At the start of each year, I put together a list of predictions gurus make for the upcoming year—sort of a consensus of “sure things.” We keep track of the sure things with a review at the end of each quarter.
With March behind us, it’s time for our first review. As is our practice, we give a positive score for a forecast that came true, a negative score for one that was wrong and a zero for one that was basically a tie.
Here, then, are the first-quarter results. Each sure thing is followed by what actually happened, and the score.
1. The Federal Reserve will continue to raise interest rates in 2017. That leads many to recommend that investors limit their bond holdings to the shortest maturities. Economist Jeremy Siegel even warned that bonds are “dangerous.” On March 15, 2017, the Federal Reserve did raise interest rates by 0.25%. However, despite the prediction of rising rates actually occurring, through March 31, 2017, the Vanguard Long-Term Bond ETF (BLV) returned 1.78%, outperforming its Short-Term Bond ETF (BSV), which returned 0.56%; and its Intermediate-Term Bond ETF (BIV), which returned 1.26%. Score -1.
2. Given the large amount of fiscal and monetary stimulus we have experienced and the anticipation of a large infrastructure spending program, the inflation rate will rise significantly. On March 15, 2017, the Bureau of Labor Statistics reported that the Consumer Price Index for All Urban Consumers increased 0.1% in February on a seasonally adjusted basis. It also reported that the index for all items less food and energy rose 2.2% over the last 12 months; this was the 15th-straight month the 12-month change remained in the range of 2.1-2.3%. The February increase was the smallest one-month rise in the seasonally adjusted all-items index since July 2016. However, in January, the index rose 0.6%, and the all-items index rose 2.7% for the 12 months ending February; the 12-month increase has been trending upward since a July 2016 trough of 0.8%. We’ll call this one a draw. Score 0.
3. With the aforementioned stimulus, anticipated tax cuts and a reduction in regulatory burdens, the growth rate of real GNP will accelerate, reaching 2.2% this year. We’ll have to wait to get the first quarter figures to make a call on this one. Score 0.
4. Our fourth sure thing follows from the first two. With the Fed tightening monetary policy and our economy improving—and with the economies of European and other developed nations still struggling to generate growth and their central banks still pursuing very easy monetary policies—the dollar will strengthen. The U.S. Dollar Index (DXY) ended 2016 at 102.38. The index closed the first quarter at 100.35. Score -1.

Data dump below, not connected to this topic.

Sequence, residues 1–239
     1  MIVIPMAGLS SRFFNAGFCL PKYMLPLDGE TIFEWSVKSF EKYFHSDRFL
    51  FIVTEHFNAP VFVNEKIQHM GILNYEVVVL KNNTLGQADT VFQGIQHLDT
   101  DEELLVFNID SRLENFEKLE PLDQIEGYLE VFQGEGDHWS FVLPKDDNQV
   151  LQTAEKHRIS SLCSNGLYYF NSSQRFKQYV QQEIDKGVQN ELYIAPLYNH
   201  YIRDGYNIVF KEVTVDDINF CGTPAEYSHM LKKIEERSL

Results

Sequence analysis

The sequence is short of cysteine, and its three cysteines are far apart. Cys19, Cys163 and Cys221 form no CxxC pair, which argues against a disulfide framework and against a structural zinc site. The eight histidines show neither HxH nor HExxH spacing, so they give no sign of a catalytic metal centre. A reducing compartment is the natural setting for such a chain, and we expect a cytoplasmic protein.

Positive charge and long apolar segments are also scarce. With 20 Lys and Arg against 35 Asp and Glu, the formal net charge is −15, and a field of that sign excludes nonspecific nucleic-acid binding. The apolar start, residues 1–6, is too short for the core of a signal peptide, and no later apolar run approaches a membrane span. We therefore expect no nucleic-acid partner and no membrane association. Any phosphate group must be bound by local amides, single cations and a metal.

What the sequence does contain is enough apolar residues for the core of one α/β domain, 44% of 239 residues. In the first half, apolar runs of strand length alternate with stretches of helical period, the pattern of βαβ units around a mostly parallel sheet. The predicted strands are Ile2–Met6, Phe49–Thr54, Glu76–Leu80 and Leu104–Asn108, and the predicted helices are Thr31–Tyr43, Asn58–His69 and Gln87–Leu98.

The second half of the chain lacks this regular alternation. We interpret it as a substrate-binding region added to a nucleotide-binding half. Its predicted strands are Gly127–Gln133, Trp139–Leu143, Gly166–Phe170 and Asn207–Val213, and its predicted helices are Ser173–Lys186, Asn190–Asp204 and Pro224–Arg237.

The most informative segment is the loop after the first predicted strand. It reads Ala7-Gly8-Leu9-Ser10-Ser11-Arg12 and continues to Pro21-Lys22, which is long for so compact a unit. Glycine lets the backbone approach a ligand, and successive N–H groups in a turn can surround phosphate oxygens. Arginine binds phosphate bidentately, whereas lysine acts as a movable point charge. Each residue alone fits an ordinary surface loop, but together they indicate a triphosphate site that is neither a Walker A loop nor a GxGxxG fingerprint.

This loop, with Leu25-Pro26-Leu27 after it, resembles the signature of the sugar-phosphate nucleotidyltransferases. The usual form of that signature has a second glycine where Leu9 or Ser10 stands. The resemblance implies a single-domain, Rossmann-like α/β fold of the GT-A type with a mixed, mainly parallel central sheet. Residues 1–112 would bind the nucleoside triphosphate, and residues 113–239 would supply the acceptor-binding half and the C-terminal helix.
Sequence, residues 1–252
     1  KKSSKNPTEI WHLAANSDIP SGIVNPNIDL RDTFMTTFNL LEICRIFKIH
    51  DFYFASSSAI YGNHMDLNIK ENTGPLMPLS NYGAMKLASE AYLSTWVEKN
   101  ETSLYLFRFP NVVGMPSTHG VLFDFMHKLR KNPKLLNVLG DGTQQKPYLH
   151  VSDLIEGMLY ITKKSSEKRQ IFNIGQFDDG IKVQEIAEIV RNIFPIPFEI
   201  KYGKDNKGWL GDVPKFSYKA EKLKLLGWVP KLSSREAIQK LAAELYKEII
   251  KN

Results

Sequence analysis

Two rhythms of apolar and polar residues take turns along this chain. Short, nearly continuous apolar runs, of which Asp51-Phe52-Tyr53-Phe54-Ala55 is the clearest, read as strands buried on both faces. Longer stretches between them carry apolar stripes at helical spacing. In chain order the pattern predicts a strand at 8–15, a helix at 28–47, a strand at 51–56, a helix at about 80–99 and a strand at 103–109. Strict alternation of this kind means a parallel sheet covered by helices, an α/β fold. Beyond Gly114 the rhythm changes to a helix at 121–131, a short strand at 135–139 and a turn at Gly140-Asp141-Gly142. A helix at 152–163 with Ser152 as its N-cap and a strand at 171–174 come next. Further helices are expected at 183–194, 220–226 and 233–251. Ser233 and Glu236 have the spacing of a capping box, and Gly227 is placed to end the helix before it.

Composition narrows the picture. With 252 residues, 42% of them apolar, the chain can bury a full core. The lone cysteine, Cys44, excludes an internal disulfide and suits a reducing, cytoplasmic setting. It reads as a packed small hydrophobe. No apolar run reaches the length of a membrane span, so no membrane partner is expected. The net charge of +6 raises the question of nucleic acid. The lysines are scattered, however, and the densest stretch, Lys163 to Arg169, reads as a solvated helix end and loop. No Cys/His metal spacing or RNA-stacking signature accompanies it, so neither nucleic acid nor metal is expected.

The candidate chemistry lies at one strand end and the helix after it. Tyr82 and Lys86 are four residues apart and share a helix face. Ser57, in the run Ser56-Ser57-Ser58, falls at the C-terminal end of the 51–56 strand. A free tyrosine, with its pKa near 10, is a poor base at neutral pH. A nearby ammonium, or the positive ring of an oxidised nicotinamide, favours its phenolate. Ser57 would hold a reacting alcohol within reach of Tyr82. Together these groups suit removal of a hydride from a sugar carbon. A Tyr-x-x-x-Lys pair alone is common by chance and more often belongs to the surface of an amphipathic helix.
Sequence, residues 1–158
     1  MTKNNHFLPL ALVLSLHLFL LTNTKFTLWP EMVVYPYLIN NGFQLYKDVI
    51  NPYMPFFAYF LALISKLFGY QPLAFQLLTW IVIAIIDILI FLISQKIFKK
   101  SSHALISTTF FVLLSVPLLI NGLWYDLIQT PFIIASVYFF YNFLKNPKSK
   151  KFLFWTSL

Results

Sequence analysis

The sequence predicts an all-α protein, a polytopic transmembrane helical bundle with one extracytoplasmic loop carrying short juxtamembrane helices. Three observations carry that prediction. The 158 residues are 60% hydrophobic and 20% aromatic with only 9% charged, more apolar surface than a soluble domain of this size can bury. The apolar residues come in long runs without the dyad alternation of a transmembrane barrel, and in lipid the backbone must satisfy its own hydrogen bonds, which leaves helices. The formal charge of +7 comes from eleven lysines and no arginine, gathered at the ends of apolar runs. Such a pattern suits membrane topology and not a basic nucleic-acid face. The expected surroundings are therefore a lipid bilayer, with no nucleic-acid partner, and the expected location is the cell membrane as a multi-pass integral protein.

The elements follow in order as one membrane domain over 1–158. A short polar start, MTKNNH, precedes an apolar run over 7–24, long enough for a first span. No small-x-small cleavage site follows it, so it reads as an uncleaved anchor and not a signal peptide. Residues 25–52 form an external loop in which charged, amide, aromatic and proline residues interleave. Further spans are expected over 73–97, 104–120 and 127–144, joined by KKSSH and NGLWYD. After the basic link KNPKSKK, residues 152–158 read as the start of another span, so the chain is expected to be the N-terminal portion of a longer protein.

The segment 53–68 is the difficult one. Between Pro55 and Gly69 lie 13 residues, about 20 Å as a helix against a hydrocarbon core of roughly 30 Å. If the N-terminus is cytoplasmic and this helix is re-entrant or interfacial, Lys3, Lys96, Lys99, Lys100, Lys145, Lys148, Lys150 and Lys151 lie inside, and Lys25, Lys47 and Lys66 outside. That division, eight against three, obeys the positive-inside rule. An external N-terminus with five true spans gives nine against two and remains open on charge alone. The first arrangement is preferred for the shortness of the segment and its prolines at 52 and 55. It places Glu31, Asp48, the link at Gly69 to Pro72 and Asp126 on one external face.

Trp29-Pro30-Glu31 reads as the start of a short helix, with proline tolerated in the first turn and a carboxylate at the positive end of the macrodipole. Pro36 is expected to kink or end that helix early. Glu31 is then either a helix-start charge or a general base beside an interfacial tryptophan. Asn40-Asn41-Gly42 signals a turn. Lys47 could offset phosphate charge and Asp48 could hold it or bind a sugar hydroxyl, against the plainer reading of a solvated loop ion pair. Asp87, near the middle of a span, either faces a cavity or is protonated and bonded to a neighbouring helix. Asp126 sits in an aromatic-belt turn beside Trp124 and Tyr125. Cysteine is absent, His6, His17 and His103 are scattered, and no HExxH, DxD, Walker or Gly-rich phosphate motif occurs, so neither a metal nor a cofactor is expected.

5. With concern mounting over the potential for trade wars, emerging markets should be avoided. Despite those mounting concerns, through March 31, 2017, the Vanguard FTSE Emerging Markets ETF (VWO) returned 10.87%, outperforming the S&P 500 Index, which returned 6.07%. Score -1.
6. With the Shiller cyclically adjusted price-to-earnings ratio at 27.7 as we entered the year (66% above its long-term average), domestic stocks are overvalued. Compounding the issue with valuations is that rising interest rates make bonds more competitive with stocks. Thus, U.S. stocks are likely to have mediocre returns in 2017. A group of 15 Wall Street strategists expect the S&P 500, on average, to close the year at 2,356. That’s good for a total return of about 7%. As noted above, the S&P 500 Index returned 6.07% in the first quarter. Score -1.
7. Given their relative valuations, U.S. small-cap stocks will underperform U.S. large-cap stocks this year. Morningstar data shows that at the end of 2016, the prospective price-to-earnings (P/E) ratio of the Vanguard Small-Cap ETF (VB) stood at 21.4, while the P/E ratio of the Vanguard S&P 500 Index ETF (VOO) stood at 19.4. Through March 31, 2017, VB returned 3.74%, underperforming VOO, which returned 6.05%. Score +1.
8. With non-U.S. developed and emerging market economies generally growing at a slower pace than the U.S. economy (and with many emerging markets hurt by weak commodity prices, slower growth in China’s economy, the Federal Reserve tightening monetary policy and a rising dollar), international developed-market stocks will underperform U.S. stocks this year. Through March 31, 2017, the Vanguard FTSE Developed Markets ETF (VEA) returned 7.81%, outperforming VOO, which returned 6.05%. Score -1.
Analysis Of Results
Our final tally shows that five sure things failed to occur, while just one sure thing actually happened. We also had one draw and one too early to call. We’ll report again at the end of the second quarter.
The table shows the historical record since I began this series in 2010:
Only about 25% of sure things actually occurred. Keep these results in mind the next time you hear a guru’s forecast.
This commentary originally appeared April 10 on ETF.com
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